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Jarring Experience

Author: Monica Foe

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Monica had felt she was seeing her ex everywhere. Each day, along the same stretch of the Water of Leith she had strolled for a lockdown year, that fateful wraith would materialise in the back of a head; the shape of a coat.

Sifting for her old self, she had expected it to be like the wash-back of waves at the foreshore near the old house. A restoration. Now a river walk takes her to where she had learned to soften the old stirrings. Attunement, an idea she had fastened on, unsure if her mind would permit her to drift. "Soft Fascination": the psychologist's term for paying attention, focusing the mind. Hn, she had thought, a default-setting guarded groan sighing out.

Sample Day.

She would twirl elastic, winding the mask snugly to her face. This brought flashbacks of the cool girls schooling her how to wind hair to a tight knot with the same action that would have stretched gum round an index finger: the same guile that blew smoke rings in her face. The curling downside of a surfacing Otter fleetingly seen as fingers wringing lather from a ponytail, thick rope being released from its housing.

Now she peers at the rings of the Willow tree blocking the path. Workers not yet having fully sawn a clearing, Alice has to climb through the knot of branches; the burn a looking glass.

The Alder lives till about 60, she later reads, seeing the fold and wrinkle at her forearm as a crease or pleat that unfurls as leaves stretch to light. She strokes the limb, remembering the smooth criss-cross of bark on the Goat Willow; its flattened lattice, as if its ridges had been trowelled smooth. Touchstones she returns to daily.

The separation had been a barely bearable flatlining when lockdown came to stall her under a pall. She had embraced the inevitable as things came to what she thought would be the close; the gallows-humour anagrams a running gag shared with friends: Foregone Conclusion becoming a "lounge of no cornices" to register the grate of post-marital expectations. Boom, then Bust. ‘Your sense of humour will be what gets you through this,’ the counsellor had said.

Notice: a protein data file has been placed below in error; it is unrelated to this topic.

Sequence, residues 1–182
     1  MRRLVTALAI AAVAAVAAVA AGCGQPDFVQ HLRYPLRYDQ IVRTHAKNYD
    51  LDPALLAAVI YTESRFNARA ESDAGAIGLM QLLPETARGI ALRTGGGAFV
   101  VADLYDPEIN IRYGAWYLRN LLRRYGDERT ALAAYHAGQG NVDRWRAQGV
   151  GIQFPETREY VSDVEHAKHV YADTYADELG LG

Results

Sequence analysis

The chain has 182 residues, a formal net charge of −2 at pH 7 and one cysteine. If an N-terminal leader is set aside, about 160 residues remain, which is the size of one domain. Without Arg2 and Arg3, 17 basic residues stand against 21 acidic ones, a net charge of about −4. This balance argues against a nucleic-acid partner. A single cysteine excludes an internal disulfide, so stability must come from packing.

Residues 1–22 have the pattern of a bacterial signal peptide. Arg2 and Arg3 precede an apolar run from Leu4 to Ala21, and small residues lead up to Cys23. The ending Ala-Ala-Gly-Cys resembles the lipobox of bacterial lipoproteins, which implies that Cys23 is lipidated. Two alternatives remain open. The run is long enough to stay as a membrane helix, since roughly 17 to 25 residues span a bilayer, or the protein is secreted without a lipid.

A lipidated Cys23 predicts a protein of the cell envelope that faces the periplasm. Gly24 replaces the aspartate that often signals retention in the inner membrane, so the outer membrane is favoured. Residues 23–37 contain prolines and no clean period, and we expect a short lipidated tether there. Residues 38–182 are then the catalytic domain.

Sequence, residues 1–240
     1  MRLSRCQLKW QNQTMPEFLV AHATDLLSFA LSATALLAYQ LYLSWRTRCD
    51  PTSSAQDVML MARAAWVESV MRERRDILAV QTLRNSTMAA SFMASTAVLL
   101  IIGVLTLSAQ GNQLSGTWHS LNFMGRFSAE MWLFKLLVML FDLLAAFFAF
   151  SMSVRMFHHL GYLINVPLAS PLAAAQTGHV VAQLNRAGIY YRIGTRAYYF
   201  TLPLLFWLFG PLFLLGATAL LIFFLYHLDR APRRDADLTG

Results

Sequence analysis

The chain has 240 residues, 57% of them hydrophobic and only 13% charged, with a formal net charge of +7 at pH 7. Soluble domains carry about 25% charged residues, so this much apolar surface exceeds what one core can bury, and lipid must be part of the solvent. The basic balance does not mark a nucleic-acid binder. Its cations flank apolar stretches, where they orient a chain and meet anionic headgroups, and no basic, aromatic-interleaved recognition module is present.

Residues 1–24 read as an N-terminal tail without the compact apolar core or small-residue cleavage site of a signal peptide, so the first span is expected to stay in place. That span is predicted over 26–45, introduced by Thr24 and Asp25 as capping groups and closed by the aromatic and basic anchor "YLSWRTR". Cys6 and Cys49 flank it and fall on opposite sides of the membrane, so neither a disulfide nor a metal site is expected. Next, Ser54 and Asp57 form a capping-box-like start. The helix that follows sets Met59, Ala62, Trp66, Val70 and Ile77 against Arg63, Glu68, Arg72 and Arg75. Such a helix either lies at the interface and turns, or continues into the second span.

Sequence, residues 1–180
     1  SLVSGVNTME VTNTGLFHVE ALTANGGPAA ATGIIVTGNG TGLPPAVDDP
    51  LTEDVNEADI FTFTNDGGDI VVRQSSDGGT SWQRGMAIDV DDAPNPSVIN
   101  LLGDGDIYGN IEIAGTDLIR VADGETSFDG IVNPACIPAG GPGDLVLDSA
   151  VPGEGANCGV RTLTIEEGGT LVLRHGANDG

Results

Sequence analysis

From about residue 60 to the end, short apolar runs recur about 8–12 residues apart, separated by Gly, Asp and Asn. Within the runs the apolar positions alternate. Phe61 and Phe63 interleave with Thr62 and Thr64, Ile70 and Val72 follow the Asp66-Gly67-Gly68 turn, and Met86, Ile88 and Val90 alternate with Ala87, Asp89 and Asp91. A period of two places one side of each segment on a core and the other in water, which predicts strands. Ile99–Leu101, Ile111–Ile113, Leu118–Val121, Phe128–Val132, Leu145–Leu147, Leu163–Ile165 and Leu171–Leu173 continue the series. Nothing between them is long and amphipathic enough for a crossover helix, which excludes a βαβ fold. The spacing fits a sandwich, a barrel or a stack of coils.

Thickly-wrapped books would arrive through the letterbox, installments she thought of as her "cardboard box-set": a counterweight to all the binge-thinking; a blow to crack the frames of those morose-tinted glasses. She was still taken aback when, at the end of a particularly good episode, she would automatically turn to where the wraith would sit. A shock as new as when it first happened. Strangely, the tail-end of that habit passing was like a new hurt. "Once sorrow passes", she had read somewhere, "the memories come, and they each hurt uniquely".

The burn was the corridor that got her to work, and simultaneously away from work. Lone-Working summed it up too sadly, given the circumstances. She could have eased up and taken the bus, but she wanted to avoid the world: the refuseniks, the righteous. Work provided plenty of that to be going along with:

The grief-stricken soul who had faith in the idea that energy-channeling could take healing, pixellated quanta across an international Zoom call.

The unfazed solstice-worshipper who took comfort in crystals, but had heaved a hod across gravel and mud, laying a million bricks. This is all a lie, you know…

The amateur epidemiologist (a fly-in anointment, they thought used masks were safe after a night in the cold).

This usually in a mansplain monologue, moanalogue. The assumption you need to hear this. No-one expects the Spanish Disquisition. All in a day's work, she thought. A day with a Y in it. Y chromosome, that is…

She sighs daily. Hourly. Heavily.

I think it's humour that will save you, Monica...

She learned to listen, listen out, trying her best to transcend waiting. She sees a girl immersed in tiny flowers by a swathe of trailing ivy. She struck her as seeming “new to this”; doing rather than being attuned, too diligent, or perhaps just simply faithful to what had sent many to their first Gong Bath or solstice gathering.

"To become anything you have to impersonate it first".

This would further immerse her as she saw, far down from the bridge arch where Jackdaws rested in high inches, a young man playing a saxophone, ‘Brubeck's Take Five’, its echo pluming up the vertiginous arch. On a tripod, at waist height, his bluetooth read:


She hears that as an earworm from a high-hat. More arcade than arcadia, some mall-ified, precinct, his cashpoint made her think of how thirled we are to our defunct devices; drawerfuls of dead-set detritus; snaps from a grainy film of dots.

Framing her own story she took heart from an idea in one of the growing pile of self-help books. It suggested a way of daily journalling that would shift her focus: write your entries in the 3rd person.

She diligently scribed her days, finding an irresistible impulse to edit, improve, adapt. She felt she was looking from a drone; from the viewpoint of those Jackdaws. She wondered if she was seeing herself, or seeing through her self. Whatever was happening, she felt she was celebrating those godawful days, and also celebrating the shift she had waded through to get here. No streamers. Just cones and catkins seen through flakes of afternoon light, renewing her; the upshot of birds pristine with possibility.